4. in both cases, where the battery has been recharged from a flat state, to full, the 4631 does not recover until you disconnect the battery and reconnect, in which there is no way to remotely do this, hence makes this hardware unrecoverable should the battery go flat and recharge.

In the discussion so far with support, they agree that the expectation of self recovery on recharge is reasonable and that the issue seems to be related to something known as the Power On Rise time. When a battery recharges, the rise time on the voltage is obviously long, and because of this, does not allow the unit to self-recover.

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This is a problem with the ESP devices as well. On the ESP-8266s I was testing if the voltage dropped below around 2.3V the ESP entered a “locked” state and it could not recover until power was removed. I believe it can be overcome by making a small change to your power supply circuit. I was using a LDO with an chip enable pin, I was going to use that with a power supervisor chip to turn off the LDO when the voltage dropped below 3V and when the sun came back up it would come back on. Designing the circuit and selecting the parts is more than I have time for right now. Maybe I can pass it on to someone else.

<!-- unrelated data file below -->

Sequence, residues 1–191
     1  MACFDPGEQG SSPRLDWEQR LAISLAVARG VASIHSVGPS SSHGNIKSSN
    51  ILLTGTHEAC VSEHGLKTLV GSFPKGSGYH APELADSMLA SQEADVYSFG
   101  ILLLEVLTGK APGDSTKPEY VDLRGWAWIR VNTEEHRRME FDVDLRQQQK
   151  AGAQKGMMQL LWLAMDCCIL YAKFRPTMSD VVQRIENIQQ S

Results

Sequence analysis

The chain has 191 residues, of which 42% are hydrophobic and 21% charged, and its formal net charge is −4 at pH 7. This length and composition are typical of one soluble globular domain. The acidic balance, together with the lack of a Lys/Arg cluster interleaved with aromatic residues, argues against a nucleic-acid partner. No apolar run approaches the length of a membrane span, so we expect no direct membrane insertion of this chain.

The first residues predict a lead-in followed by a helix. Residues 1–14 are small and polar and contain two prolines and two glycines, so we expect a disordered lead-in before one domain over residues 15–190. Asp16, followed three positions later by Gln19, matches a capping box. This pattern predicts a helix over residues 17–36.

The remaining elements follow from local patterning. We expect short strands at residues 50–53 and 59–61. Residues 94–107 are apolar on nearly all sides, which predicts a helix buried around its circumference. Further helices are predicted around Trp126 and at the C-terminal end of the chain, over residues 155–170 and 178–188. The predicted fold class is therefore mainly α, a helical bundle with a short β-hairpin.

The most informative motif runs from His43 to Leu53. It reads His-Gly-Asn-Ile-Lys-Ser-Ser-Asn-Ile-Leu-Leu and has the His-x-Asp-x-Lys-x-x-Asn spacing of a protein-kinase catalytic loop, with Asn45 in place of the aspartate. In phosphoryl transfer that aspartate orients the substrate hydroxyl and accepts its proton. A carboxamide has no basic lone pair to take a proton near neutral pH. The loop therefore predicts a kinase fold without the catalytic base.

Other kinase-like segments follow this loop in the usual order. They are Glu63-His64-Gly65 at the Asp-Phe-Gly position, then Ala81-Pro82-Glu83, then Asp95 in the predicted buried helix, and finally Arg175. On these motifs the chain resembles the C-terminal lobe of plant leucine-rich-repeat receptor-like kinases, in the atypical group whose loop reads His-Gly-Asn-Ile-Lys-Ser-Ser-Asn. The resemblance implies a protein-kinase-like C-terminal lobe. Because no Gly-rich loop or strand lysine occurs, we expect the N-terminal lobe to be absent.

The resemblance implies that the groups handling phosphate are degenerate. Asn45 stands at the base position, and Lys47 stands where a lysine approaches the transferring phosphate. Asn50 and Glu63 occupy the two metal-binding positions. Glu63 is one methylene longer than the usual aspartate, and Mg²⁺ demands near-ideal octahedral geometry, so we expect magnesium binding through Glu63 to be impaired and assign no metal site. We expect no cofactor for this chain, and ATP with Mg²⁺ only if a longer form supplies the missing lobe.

Sounds exactly like what @garth linked to, which is a nordic issue.

It is a little better, same with a green power board, still not controlable without managing it explicitly.

I also still have the same problem, also discussed in discord… if i deploy a node in a hardly acesibel spot…
i am not good in electronics, but maybe putting a small “Varistor” or combination of small CAP and Varistor coul help to “switch on” the solar panel that is connected to USB.

so the voltage on USB will not rise slowly, but is beeing switched on at 5V… so the device will start…
i have yet not found any varistor below 5V…

VC 1206-05 SMD-Varistor 1206, 5,6 Volt

it can also be used to protect the Rak device from solar overvoltage :slight_smile:

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You can fix that by setting Super Deep Sleep timeout to a more sensible value than default (e.g. few hours).

P.S.: ESP32 devices could be revived by pressing the middle button (on a T-Beam), no need to disconnect and reconnect power

I’ve got a RAK 4631, WisBlock Core (RAK4631) and WisBlock Base (RAK19007) with a 900mAh LiPo and the RAKBox-B2 Enclosure with solar panel. The solar panel and battery are connected via JST and the RAK board is the older version with Micro USB.

Having stored the unit indoors for 2 weeks, the battery was completely flat. I placed in the full sun and after several minutes was automatically running and visible on the mesh.

Firmware 2.1.13, Bluetooth OFF, Power saving mode OFF, configured as a router.

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I always thought that would be too small of a battery and not enough solar power?